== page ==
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CONDITION/DISORDER SYNONYMS

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  • Acquired Hypoparathyroidism

  • Autoimmune Hypoparathyroidism

  • Congenital Hypoparathyroidism

  • Idiopathic Hypoparathyroidism

  • Familial isolated hypoparathyroidism (FIH)

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ICD-9-CM CODES

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  • 252.1 Hypoparathyroidism

  • Associated ICD-9-CM PT diagnoses/treatment diagnoses that may be directly related

    • 315.4 Developmental coordination disorder

    • 718.45 Contracture of joint, pelvic region and thigh

    • 719.70 Difficulty in walking involving joint site unspecified

    • 728.2 Muscular wasting and disuse atrophy not elsewhere classified

    • 728.89 Other disorders of muscle, ligament, and fascia

    • 729.9 Other and unspecified disorders of soft tissue

    • 780.7 Malaise and fatigue

    • 781.2 Abnormality of gait

    • 782.3 Edema

    • 786.0 Dyspnea and respiratory abnormalities

    • 786.05 Shortness of breath

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ICD-10-CM CODES

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  • E20.0 Idiopathic hypoparathyroidism

  • E20.1 Pseudohypoparathyroidism

  • E20.8 Other hypoparathyroidism

  • E20.9 Hypoparathyroidism, unspecified

  • E89.2 Postprocedural hypoparathyroidism

  • P71.4 Transitory neonatal hypoparathyroidism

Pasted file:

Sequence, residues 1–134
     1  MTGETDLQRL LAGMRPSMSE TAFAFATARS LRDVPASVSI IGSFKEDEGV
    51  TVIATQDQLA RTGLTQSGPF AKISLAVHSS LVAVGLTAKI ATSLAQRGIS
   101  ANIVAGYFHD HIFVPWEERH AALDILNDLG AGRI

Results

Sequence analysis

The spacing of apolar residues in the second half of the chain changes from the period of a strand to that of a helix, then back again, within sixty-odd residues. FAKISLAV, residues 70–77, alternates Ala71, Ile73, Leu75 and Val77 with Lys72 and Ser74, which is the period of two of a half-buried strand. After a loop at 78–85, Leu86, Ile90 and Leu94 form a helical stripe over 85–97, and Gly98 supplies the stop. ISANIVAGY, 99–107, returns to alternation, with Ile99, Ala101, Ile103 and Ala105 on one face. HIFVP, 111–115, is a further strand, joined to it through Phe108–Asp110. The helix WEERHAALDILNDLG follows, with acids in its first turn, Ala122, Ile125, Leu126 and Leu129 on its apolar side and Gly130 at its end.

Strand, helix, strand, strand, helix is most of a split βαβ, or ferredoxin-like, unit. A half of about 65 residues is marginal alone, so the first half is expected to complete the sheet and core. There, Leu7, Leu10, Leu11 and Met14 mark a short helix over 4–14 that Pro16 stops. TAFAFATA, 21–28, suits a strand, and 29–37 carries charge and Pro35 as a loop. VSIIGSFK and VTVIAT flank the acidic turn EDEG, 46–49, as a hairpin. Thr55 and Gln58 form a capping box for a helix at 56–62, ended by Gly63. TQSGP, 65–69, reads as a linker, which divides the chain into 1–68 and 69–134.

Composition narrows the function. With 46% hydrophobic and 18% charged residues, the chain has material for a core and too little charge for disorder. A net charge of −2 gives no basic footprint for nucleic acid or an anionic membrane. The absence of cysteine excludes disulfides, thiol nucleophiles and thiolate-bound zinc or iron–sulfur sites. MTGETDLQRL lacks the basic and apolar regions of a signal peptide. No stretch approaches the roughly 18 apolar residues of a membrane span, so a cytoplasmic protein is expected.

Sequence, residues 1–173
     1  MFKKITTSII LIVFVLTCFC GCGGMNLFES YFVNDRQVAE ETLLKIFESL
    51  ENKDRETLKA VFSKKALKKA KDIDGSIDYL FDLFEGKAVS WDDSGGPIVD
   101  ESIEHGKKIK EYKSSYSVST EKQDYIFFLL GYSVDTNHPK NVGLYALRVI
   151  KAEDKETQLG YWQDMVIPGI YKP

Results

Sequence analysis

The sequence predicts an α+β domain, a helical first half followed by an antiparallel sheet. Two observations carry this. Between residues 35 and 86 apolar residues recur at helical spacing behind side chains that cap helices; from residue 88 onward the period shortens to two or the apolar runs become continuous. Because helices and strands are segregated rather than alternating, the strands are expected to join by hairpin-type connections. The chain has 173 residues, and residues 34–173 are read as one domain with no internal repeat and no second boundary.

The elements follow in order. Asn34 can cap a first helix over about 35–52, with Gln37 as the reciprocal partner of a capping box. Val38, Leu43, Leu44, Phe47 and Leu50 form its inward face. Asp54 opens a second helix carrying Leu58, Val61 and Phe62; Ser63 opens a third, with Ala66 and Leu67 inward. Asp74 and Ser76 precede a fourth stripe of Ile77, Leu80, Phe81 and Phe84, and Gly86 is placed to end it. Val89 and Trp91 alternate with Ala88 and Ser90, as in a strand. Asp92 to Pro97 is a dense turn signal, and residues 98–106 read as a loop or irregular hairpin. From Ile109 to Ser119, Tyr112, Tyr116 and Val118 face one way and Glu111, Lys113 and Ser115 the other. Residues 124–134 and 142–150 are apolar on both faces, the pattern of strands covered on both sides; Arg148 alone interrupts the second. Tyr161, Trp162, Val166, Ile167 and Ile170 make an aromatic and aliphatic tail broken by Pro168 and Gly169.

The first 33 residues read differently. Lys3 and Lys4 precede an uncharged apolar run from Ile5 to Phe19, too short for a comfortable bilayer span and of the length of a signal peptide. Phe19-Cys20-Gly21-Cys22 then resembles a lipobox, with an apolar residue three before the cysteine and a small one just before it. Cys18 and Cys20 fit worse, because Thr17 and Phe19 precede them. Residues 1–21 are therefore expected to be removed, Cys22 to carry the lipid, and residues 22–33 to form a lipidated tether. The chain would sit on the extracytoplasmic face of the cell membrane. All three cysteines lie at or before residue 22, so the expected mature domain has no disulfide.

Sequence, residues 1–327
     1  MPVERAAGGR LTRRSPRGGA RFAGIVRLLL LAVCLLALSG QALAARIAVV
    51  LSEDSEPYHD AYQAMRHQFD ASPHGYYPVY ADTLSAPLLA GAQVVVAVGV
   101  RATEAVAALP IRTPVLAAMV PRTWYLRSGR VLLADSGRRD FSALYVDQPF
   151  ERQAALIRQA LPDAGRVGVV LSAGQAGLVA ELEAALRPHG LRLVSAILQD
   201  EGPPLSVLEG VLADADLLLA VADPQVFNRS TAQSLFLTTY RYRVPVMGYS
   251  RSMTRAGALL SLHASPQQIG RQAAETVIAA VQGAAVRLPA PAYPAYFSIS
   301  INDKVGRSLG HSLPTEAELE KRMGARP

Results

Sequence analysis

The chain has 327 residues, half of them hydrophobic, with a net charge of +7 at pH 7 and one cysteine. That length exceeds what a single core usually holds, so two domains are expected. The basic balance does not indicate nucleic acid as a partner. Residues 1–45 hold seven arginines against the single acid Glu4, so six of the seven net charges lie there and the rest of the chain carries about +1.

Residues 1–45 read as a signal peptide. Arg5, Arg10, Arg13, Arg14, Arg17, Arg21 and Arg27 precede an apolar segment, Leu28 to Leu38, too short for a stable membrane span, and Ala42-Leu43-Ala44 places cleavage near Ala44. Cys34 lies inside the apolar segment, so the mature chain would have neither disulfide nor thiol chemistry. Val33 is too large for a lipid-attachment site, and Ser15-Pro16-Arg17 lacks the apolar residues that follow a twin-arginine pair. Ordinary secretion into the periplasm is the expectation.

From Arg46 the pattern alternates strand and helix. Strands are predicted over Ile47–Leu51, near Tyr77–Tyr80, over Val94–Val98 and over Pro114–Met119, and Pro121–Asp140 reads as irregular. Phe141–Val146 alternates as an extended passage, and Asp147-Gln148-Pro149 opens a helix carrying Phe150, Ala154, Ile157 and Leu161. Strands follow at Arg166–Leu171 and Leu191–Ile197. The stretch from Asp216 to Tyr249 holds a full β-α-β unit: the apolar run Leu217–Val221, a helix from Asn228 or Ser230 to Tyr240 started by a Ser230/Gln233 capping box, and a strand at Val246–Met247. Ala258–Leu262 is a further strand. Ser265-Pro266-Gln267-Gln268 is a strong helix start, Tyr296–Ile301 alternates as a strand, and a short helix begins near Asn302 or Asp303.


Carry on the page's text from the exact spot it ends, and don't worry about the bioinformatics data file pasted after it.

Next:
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PREFERRED PRACTICE PATTERNS1

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  • 4D: Impaired Joint Mobility, Motor Function, Muscle Performance, and Range of Motion Associated With Connective Tissue Dysfunction

  • 4E: Impaired Joint Mobility, Motor Function, Muscle Performance, and Range of Motion Associated With Localized Inflammation

  • 6B: Impaired Aerobic Capacity/Endurance Associated With Deconditioning

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PATIENT PRESENTATION

A 30-year-old female marathon runner referred to physical therapy with complaints of lower extremity (LE) cramping and tingling in her feet, limiting her ability to compete. She also described feeling short of breath as she struggles to increase distances again. There is no history of injury. In the course of casual conversation, she also complains of her nails breaking more than usual with her manicures not lasting more than a few days. Her boyfriend told her that her “legs were looking skinny” and observation reveals sarcopenia in her calves. The skin on her feet is dry and pealing, but she stated they have a tendency to be dry. She has started a reconditioning program in PT which is not responding well. Although referred by an orthopedist to PT, she is scheduled for an annual physical with her primary doctor in the next few weeks. The PT has suggested discussing her signs and symptoms with her physician and has offered to give her a summary of her PT to be brought to him.

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FIGURE 28-1

Levels of immunoreactive parathyroid hormone (PTH) detected in patients with primary hyperparathyroidism, hypercalcemia of malignancy, and hypoparathyroidism. Boxed area represents the upper and normal limits of blood calcium and/or immunoreactive PTH. (From SR Nussbaum, JT Potts, Jr, in L DeGroot, JL Jameson, eds. Endocrinology. 4th ed. Philadelphia, PA: Saunders; 2001, with permission.)

Graphic Jump Location
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FIGURE 28-2

Anatomic relations of the thyroid gland, anterior view. The blue structures are the thyroid gland and the course of the obliterated thyroglossal duct. (From LeBlond RF, DeGowin RL, Brown DD. DeGowin’s Diagnostic Examination. 9th ed. http://www.accessmedicine.com. Copyright © The McGraw-Hill Companies, Inc. All rights reserved.)

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KEY FEATURES

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